Boston Baroqueĺ─˘s recording of the Vespers, in a performing version by Martin Pearlman and under his direction on the Telarc label (catalogue number 80453), received a GrammyČĂ nomination in 1998 for Best Choral Performance; and they have performed the work to acclaim in Boston, Walt Disney Concert Hall in Los Angeles, and at the Ravinia and Tanglewood music festivals.

About the decision to perform at the Cathedral of St. John the Divine, Martin Pearlman remarks, ĺ─˙For our return to New York City, I was looking for an extraordinary venue worthy of this piece, and was really struck with the sense of space at St. John.  I thought it might well reflect the scale and grandeur of the Vespers, and its profound intimacy as well; but the challenge was to make it work acoustically for a Baroque ensemble.  After an initial visit to the Cathedral in which we tried out instruments and voices in various placements, we began to see that we could carve out an intimate performance area in which we will sound warm, clear and big enough without amplification.  This acoustical ĺ─˛sweet spotĺ─˘ is almost entirely within the area that they call the Great Crossing, and will hold an audience of just 700, plus a platform for the performers.  The lighting design will add to the sense of ĺ─˛intimacy within grandeurĺ─˘ that seems perfect for the Vespers.ĺ─¨

The New York performance will be presented as part of the Boston University Incite Arts Festival, a New York showcase for the BU College of Fine Arts and its Schools of Music, Theatre, and Visual Art.  Boston Baroque is the resident professional ensemble for Boston Universityĺ─˘s Historical Performance Program, where it is helping to train the next generation of period-instrument performers.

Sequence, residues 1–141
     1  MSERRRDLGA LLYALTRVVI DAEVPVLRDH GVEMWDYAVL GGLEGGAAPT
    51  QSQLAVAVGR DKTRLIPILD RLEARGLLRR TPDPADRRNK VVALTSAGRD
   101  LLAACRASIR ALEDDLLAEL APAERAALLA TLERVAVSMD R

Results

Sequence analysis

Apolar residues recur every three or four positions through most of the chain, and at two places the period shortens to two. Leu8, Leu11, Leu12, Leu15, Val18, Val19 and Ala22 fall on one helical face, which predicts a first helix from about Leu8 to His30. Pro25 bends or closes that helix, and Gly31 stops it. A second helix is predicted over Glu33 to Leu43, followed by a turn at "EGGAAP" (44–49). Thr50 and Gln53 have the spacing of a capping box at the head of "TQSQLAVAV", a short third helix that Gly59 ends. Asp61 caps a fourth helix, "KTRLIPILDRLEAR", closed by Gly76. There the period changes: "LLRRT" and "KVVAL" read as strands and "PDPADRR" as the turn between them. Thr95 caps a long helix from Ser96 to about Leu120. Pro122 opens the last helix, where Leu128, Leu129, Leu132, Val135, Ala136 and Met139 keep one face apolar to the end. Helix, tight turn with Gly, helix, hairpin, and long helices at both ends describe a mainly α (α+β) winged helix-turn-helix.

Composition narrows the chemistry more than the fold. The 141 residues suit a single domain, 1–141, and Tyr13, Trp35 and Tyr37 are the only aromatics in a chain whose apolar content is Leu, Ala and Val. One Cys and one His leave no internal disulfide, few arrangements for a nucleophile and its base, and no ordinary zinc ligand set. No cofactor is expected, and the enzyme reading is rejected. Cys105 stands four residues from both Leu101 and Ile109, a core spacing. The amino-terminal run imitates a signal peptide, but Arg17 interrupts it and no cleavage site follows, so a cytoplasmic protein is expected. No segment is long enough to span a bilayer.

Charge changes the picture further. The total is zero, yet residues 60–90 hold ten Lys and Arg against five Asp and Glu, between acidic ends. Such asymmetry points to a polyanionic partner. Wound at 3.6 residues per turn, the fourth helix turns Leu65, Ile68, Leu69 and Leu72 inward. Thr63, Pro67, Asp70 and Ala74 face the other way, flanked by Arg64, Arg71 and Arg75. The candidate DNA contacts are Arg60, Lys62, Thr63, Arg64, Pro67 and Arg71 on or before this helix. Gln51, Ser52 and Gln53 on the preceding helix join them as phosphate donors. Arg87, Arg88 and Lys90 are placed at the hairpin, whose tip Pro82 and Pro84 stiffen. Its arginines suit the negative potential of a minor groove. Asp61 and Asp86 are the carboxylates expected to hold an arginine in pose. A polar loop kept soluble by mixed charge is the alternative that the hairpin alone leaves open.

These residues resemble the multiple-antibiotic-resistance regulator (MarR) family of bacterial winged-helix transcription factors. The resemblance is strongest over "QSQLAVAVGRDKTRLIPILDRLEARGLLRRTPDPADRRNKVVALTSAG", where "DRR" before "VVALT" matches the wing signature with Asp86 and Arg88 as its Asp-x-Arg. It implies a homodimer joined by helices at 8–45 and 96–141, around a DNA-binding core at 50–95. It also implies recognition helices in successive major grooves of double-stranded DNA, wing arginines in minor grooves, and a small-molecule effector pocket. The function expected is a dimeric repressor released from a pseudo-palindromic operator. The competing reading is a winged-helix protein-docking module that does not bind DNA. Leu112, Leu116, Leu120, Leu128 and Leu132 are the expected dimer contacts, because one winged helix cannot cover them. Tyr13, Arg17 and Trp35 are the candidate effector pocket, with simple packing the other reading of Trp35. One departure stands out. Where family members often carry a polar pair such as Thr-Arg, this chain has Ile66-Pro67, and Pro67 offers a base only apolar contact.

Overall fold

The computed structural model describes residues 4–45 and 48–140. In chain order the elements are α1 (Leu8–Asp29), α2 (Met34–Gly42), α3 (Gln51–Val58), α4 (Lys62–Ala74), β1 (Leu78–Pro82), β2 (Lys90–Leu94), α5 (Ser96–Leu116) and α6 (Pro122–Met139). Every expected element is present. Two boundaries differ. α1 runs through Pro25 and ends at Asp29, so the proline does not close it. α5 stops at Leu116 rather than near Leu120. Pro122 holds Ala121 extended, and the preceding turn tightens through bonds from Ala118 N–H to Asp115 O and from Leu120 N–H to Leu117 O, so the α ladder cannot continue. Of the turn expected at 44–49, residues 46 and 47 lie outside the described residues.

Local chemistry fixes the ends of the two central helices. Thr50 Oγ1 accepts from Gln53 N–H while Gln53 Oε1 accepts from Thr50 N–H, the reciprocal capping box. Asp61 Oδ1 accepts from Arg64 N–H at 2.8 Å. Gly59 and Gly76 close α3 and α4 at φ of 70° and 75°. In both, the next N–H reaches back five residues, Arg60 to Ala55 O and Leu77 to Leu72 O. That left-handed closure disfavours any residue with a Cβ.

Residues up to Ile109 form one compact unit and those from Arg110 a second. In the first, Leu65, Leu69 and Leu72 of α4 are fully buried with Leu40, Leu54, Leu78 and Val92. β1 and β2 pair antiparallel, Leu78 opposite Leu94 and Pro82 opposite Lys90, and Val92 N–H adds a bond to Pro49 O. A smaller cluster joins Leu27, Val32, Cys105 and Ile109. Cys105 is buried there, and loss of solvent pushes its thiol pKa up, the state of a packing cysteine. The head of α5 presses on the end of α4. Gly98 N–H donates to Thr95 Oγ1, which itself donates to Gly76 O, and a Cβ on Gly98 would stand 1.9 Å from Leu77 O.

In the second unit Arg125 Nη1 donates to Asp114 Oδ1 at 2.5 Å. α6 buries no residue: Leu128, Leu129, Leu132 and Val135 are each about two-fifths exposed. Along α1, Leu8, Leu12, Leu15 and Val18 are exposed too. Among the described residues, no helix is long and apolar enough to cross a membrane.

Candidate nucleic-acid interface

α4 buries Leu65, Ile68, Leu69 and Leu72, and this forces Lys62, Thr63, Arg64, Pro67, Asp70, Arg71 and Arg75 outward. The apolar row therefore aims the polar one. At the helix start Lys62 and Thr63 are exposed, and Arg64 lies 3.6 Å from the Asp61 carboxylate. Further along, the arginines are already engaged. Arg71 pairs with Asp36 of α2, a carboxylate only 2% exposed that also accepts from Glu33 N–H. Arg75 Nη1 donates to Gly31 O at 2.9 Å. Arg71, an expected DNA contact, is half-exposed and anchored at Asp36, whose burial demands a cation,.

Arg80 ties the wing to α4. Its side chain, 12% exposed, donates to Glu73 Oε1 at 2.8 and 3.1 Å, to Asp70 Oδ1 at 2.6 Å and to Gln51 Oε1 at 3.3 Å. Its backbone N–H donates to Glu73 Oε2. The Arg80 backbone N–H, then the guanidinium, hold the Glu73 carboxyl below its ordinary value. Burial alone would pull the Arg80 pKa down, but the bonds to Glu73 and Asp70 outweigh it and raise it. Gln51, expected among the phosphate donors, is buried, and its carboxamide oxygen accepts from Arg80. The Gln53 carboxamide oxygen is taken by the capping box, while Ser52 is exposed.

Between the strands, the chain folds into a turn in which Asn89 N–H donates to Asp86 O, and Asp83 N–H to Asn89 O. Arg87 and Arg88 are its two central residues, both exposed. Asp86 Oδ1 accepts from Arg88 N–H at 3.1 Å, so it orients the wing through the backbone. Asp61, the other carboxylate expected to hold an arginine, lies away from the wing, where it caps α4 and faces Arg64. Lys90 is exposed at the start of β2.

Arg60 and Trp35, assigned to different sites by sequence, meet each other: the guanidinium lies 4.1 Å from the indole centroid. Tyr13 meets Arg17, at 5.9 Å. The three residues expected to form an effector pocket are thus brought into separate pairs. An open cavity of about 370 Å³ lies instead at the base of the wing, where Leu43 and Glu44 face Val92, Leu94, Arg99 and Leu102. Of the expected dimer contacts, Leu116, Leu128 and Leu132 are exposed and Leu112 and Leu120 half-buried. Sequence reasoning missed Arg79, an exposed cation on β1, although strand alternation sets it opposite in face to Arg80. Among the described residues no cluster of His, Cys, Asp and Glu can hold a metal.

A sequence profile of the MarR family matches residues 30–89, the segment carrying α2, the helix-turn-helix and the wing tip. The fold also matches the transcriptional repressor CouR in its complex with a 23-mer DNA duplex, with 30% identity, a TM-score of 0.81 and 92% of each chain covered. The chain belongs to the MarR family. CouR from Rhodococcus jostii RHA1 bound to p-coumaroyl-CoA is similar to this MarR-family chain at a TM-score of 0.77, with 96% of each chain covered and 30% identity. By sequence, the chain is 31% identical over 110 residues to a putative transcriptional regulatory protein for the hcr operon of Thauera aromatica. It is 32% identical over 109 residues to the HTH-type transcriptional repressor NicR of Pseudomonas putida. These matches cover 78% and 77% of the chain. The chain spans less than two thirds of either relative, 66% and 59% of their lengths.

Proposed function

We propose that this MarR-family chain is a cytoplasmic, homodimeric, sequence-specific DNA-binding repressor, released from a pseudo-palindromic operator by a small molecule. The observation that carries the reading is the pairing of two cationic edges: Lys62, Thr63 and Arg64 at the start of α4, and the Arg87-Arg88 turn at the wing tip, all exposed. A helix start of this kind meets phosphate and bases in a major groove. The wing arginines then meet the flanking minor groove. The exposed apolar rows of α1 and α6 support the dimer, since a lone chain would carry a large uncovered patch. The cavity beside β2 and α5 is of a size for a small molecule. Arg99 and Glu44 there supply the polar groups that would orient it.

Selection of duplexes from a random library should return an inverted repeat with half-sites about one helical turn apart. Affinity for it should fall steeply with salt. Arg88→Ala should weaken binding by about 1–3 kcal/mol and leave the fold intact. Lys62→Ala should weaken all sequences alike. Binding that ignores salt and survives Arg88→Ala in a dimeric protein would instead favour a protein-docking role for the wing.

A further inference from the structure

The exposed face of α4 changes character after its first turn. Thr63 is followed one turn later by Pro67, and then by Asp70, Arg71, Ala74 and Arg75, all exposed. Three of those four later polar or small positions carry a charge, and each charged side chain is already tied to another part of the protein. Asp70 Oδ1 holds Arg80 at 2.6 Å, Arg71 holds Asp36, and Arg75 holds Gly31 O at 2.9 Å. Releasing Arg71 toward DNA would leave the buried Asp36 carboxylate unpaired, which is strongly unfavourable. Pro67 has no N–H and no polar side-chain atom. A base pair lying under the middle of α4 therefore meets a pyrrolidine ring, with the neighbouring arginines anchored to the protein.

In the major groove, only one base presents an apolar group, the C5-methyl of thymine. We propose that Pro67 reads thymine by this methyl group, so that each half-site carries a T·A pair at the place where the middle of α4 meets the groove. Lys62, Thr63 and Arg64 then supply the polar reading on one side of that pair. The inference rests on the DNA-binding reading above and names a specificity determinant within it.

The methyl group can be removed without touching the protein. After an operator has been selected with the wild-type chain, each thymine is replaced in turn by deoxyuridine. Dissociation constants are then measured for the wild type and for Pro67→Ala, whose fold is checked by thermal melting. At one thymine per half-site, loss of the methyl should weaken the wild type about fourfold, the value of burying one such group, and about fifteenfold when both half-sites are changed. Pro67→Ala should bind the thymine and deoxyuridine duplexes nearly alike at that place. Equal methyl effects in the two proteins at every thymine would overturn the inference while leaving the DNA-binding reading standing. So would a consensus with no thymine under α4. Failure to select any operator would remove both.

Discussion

About Boston Baroque and Martin Pearlman
Founded by Martin Pearlman in 1973, Boston Baroque was the first permanent Baroque orchestra established in North America, and is now widely regarded as one of the worldĺ─˘s premier period-instrument ensembles.  Boston Baroque reaches an international audience with its 20 recordings on the Telarc label, three of which received GrammyČĂ nominations.  The ensemble produces a subscription concert series in Greater Boston, now in its 36th season, and made its European debut in 2003, performing Handelĺ─˘s Messiah to sold-out houses and standing ovations in Krakłäw and Warsaw, Poland.  In addition to its acclaimed Disney Hall, Ravinia and Tanglewood performances of the Monteverdi Vespers, Boston Baroque has performed Purcellĺ─˘s Dido and Aeneas with the Mark Morris Dance Group in Chicago and Ann Arbor.  In 2009, the ensemble made its debut with two programs at the international Casals Festival in San Juan, Puerto Ricoĺ─ţthe first period-instrument orchestra invited to perform there.  Boston Baroqueĺ─˘s latest recording on Telarc, Mozart: Arias for Male Soprano, featuring soloist Michael Maniaci, was released in January 2010.

For more information, visit www.BostonBaroque.org.